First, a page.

Glory Road : My Story of the 1966 NCAA Basketball Championship and How One Team Triumphed Against the Odds and Changed America Fore
Overview - Timed to the release of Jerry Bruckheimer's movie, the moving autobiography of Hall of Fame basketball coach Don Haskins and his storied team of players, the Texas Western Miners In 1966, college basketball was almost completely segregated. Read more...
More About Glory Road by Don Haskins; Dan Wetzel
Timed to the release of Jerry Bruckheimer's movie, the moving autobiography of Hall of Fame basketball coach Don Haskins and his storied team of players, the Texas Western Miners
In 1966, college basketball was almost completely segregated. In the championship game for the NCAA title that year, Don Haskins, coach of the then little-known Texas Western College, did something that had never been done before in the history of college basketball. He started five black players, and in the now legendary game, unseated the nationally top-ranked University of Kentucky. Broadcast on television throughout the country, the Miners victory became the impetus for the desegregation of all college teams in the South during the next few years.
Now, for the first time, Hall of Fame coach Don Haskins tell his story. Beginning as a small-town high school basketball coach, Haskins was known for his tough coaching methods and larger-than-life personality. As a child growing up during the Dust Bowl in Oklahoma, he developed a strong set of values and discipline that he would instill in his players throughout his coaching career. With recollections from his former players, including those of the 1966 team, along with Haskins's own Seven Principles for Success, Glory Road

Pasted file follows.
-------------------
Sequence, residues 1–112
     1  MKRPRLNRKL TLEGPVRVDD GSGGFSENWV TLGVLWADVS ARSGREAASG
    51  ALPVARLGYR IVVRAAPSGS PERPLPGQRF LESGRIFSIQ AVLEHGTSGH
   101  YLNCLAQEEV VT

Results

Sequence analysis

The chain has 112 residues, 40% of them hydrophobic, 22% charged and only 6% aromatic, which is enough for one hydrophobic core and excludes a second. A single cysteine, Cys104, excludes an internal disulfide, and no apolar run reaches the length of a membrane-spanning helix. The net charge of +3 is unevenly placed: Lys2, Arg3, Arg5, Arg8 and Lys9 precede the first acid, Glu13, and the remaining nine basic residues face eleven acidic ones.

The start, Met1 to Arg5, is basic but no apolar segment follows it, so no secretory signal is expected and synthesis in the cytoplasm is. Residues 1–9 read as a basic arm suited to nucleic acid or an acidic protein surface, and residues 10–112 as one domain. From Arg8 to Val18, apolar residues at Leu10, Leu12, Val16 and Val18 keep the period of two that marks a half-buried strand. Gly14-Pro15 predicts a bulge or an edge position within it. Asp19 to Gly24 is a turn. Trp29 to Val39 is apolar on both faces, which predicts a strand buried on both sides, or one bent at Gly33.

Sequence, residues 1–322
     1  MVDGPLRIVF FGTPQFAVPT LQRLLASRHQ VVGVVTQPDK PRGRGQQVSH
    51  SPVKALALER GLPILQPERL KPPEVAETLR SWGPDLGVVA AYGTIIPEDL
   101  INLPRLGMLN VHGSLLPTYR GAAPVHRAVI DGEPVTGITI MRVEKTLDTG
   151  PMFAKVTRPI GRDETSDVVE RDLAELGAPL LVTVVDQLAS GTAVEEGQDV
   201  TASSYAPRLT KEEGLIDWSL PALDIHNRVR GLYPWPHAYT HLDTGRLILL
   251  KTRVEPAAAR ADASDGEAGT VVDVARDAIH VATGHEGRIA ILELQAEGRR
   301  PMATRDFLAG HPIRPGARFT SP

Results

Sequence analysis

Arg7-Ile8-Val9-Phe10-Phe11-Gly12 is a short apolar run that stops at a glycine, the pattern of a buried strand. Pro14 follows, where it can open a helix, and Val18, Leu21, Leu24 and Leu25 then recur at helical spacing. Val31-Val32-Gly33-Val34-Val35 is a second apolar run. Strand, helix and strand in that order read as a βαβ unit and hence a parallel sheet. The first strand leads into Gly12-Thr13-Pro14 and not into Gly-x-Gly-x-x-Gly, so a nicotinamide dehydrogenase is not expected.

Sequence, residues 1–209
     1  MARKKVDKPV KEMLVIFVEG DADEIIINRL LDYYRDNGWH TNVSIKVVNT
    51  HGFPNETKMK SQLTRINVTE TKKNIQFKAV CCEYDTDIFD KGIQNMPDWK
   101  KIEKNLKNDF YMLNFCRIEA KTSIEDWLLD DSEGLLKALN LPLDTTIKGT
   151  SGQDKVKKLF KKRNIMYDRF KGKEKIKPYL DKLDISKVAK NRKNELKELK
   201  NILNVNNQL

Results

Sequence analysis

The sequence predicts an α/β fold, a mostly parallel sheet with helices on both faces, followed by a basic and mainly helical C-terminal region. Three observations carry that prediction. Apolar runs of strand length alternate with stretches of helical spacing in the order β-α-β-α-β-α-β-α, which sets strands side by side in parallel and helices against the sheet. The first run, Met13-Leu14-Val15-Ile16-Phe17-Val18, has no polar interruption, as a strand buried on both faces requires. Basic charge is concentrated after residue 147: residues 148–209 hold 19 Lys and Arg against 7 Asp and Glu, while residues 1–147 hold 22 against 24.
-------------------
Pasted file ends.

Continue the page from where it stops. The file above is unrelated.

is the inspiring story of a living legend and one of the most respected coaches of all time.
With a foreword by basketball legend Bobby Knight, and coinciding with the release of the film Glory Road
, the story of Don Haskins and his championship team is sure to become a classic for sports fans and historians.
A whole new game
Don Haskins only coached in one Final Four, but it was arguably the most important such appearance in history. Haskins led the Texas Western Miners in 1966 when the team started an all-African-American lineup against an all-white Kentucky team in the final. The result has been called the Brown v. Board of Education of college basketball. Texas Western (which changed its name to the University of Texas at El Paso the following summer) won the national title, and segregated teams were instantly on their way out.
That game was the subject of a recent movie that shares the title of Haskins' autobiography, Glory Road. Haskins, a no-frills personality if there ever was one, tells the overdue story about how a team from El Paso came out of virtually nowhere to change the game forever. Haskins loved to coach, and he liked to win. He did both with boys' and girls' prep teams, and won several hundred games once he took over at Texas Western.
Haskins has a simple yet eloquent explanation as to why his team had five black starters: "I just started my best players." Isn't that what coaching is all about? It didn't occur to him to do anything else. It's nice to get his memories on paper in this entertaining memoir, written with Dan Wetzel.
Budd Bailey works in the sports department of the Buffalo News.